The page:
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Skybreak!

by William Dooling

Science Fantasy
2019

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Number of Reviews: 2
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1 of 1 people found the following review helpful:
Huge space exploration-and-trading game, November 28, 2019
Skybreak! is a huge space exploration-and-trading game, with RPG elements and multiple win states. You can explore star systems; mine planets, asteroids, and comets; recruit spies; unearth lore; acquire alien artifacts; and collect beetles - among other things.

Skybreak! feels like a cross between Superluminal Vagrant Twin and Sunless Seas. Skybreak!'s setting, method for moving between locations, and text-based format are reminiscent of the former, but it has some of the features (such as lore-gathering) of the latter, and its scope is closer to that of the latter.

That isn't to say that Skybreak! is as large as Sunless Seas. It doesn't take nearly as long to win Skybreak!, for instance. (A few hours, three playthroughs, and judicious use of UNDO got me a nice ending in Skybreak!.) However, much of the reason Sunless Seas takes so long is that you spend a lot of your time moving your boat around on the screen and managing your fuel. Strip Sunless Seas down to its item- and knowledge-gathering aspects and its quest trees, and the scope comparison between it and Skybreak! starts to seem more reasonable. Skybreak! really is huge; I can tell from the few hours I've spent on it that there's a lot to the game I have not seen.

Where Skybreak! surpasses both Superluminal Vagrant Twin and Sunless Seas is in its number and variety of role-playing options. At the beginning of Skybreak! you've got a choice of five species (well, four and then an "other" option), two of ten background characteristics, and three of sixteen talents. These affect your win-state goals (as in Sunless Seas), your secondary goals, and the kinds of tasks you're most likely to succeed with. They really are meaningful choices, too: On my first and third playthroughs I made very different character selections, and those two playthroughs looked quite different. By comparison, SVT has no RPG elements, and Sunless Seas allows you fewer options.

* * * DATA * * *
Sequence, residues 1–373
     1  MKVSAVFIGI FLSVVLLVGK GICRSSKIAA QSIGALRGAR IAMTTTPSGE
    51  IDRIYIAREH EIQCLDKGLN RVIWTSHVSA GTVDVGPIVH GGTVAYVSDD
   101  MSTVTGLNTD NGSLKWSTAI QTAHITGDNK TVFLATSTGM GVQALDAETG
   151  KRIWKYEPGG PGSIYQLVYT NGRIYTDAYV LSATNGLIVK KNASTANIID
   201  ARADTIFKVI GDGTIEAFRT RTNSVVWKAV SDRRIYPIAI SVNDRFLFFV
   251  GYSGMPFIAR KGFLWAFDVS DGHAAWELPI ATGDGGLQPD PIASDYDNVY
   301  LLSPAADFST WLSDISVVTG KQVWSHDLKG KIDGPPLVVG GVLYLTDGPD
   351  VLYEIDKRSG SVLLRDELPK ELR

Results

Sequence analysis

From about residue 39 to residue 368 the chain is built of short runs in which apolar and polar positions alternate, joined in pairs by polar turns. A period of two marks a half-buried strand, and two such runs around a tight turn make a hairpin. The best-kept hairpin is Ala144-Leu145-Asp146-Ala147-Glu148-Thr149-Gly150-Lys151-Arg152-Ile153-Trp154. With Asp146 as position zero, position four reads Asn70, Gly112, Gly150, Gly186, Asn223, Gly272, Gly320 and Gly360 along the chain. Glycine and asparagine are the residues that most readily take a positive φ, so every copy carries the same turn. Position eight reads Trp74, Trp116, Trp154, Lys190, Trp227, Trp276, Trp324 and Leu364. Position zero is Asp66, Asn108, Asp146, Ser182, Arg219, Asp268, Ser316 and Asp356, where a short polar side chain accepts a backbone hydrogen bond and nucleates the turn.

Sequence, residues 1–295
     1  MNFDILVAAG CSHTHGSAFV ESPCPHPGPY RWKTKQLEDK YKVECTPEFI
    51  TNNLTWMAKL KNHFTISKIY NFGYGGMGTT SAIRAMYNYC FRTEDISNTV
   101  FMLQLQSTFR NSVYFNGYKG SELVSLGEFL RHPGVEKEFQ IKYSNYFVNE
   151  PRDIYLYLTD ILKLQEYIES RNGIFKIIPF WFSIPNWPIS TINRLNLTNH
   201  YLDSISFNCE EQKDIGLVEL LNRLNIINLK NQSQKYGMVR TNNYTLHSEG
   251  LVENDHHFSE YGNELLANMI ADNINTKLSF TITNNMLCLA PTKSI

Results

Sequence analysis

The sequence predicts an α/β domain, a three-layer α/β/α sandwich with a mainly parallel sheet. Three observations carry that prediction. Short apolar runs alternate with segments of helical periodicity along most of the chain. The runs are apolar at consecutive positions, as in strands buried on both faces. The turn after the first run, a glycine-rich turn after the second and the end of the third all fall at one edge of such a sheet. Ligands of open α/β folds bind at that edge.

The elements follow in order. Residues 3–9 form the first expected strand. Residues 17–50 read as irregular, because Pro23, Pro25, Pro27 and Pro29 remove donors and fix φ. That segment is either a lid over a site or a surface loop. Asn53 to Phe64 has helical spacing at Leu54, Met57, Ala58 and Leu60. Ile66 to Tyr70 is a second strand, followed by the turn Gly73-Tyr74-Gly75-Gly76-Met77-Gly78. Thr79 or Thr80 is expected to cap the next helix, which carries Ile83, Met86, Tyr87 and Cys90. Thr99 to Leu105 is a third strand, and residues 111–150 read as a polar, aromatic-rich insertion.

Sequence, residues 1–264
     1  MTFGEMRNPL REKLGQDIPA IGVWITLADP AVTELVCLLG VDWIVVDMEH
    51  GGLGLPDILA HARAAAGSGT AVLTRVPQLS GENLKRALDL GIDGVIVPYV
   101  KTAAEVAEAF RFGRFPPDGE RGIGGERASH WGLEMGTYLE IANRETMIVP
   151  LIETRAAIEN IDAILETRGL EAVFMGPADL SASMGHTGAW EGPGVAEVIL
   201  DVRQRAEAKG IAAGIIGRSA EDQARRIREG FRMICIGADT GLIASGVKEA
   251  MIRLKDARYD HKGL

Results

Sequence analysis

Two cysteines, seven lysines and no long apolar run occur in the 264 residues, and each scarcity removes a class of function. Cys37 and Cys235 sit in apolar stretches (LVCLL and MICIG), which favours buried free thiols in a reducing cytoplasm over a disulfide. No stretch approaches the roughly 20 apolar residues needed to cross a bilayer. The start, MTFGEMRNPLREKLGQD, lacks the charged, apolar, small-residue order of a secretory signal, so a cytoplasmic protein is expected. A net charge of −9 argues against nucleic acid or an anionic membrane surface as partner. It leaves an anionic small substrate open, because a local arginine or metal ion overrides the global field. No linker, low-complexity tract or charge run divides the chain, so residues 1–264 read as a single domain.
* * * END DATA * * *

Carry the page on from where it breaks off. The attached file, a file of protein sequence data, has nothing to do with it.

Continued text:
By biggest criticism of Skybreak! is the random navigation. I can see that this prevents players from doing as much grinding, which would destroy a lot of the fun of the game. But it is also frustrating to be presented with half a dozen or more interesting options for a particular solar system and yet only be able to choose one of them before having to move on, perhaps never to return on that playthrough. The UNDO command does mitigate this frustration somewhat, though, as it allows you to try out the different options and then select the one you like best.

There's a great deal to see and do in Skybreak!. If you enjoy games like this, there's enough content to keep you engaged for many, many hours.